As tuition continues to go up, it’s more important than ever before to talk to your child about his or her college budget.
You just need to know when to do it and what you should discuss. Get the skinny so you’ll be ready to have the talk with your college-bound child.
More than 70 percent of students took out loans of the 2017–18 academic year. Those loans came out to an average of $37,172 per student, and that was just for one year. Imagine that going on for four years.
Don’t let your child fall into the student debt trap. Instead of taking out loans, look at how much you can reasonably afford to pay out of pocket. If you are unsure of how much you can afford, sign up for a virtual workshop to get the tools you need to figure out how much you can spend on college. This will give you the perfect starting point for talking to your child.
Once you know how much you can afford, it will be time to have the talk. Some parents try to put off having the talk as long as possible, but that can lead to a lot of anger and confusion. Kids get their expectations up, and the closer they get to college, the higher those expectations will be if you fail to manage them. That’s why it’s important to talk to your child early.
By the time your child is in middle school, he or she is ready for the talk. Let your child know how much you can reasonably afford for school, so he or she can plan accordingly. For example, if that quaint little private school is out of the question, let your kid know right off the bat. Then, he or she will have a realistic view of what to expect after graduating from high school. Once you are on the same page, it will be so much easier to make the transition from high school to college.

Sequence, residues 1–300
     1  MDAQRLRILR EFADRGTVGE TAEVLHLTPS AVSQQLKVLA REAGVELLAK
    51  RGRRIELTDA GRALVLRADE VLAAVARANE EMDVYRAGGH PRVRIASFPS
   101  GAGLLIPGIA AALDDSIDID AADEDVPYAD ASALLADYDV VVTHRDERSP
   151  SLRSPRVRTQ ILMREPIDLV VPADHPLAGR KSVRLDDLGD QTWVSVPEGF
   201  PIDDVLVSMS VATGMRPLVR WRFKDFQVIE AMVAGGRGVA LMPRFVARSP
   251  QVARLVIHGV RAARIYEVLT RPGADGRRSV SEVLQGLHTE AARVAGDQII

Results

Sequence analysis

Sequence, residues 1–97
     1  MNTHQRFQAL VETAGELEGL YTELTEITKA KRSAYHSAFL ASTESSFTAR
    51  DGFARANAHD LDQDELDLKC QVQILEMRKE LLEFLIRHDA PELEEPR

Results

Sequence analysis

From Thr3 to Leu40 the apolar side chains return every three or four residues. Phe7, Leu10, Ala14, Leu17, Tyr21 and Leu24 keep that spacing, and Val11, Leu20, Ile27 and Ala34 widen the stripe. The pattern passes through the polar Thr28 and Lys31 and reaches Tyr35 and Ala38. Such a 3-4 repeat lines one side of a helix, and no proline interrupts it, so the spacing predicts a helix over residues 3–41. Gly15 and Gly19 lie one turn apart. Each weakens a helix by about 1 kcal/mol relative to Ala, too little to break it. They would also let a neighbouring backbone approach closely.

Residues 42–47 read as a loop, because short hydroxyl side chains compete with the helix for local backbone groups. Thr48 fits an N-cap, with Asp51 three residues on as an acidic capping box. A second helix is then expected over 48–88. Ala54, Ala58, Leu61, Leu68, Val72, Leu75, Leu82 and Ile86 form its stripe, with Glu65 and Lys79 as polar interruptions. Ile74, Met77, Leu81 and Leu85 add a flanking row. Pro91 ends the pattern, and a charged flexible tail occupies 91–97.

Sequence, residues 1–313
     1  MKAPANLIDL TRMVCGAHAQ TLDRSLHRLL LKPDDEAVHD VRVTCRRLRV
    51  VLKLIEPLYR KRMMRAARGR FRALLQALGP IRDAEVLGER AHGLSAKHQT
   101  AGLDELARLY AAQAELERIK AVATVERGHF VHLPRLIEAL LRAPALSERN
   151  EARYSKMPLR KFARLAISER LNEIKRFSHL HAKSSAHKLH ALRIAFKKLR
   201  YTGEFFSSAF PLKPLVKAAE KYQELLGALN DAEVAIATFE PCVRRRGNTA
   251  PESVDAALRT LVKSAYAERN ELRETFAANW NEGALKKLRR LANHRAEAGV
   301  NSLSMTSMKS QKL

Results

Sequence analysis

Your child will likely want to go to a four-year university right away. It’s normal to want to start at a university, but community college is often the right decision. That’s especially true if you’re committed to staying out of debt.
Tuition at community colleges is often thousands of dollars less than it is at a four-year university. Your child can also save money on room and board since he or she can live at home while attending community college.
Then, at the end of the two years, your child can transfer to a four-year school. That way, you’ll only have to pay for two expensive years of college.
When you have the talk with your child, he or she might not be happy with the budget. Your child might have dreams of going to a more expensive college. Remind your child that he or she has some control over the process. Your kid can always add to the college budget by getting a job.
You do need to approach this carefully. A study published in the American Educational Research Journal found a correlation between working long hours and reduced academic performance. Long hours can also lead to negative behaviors and other issues.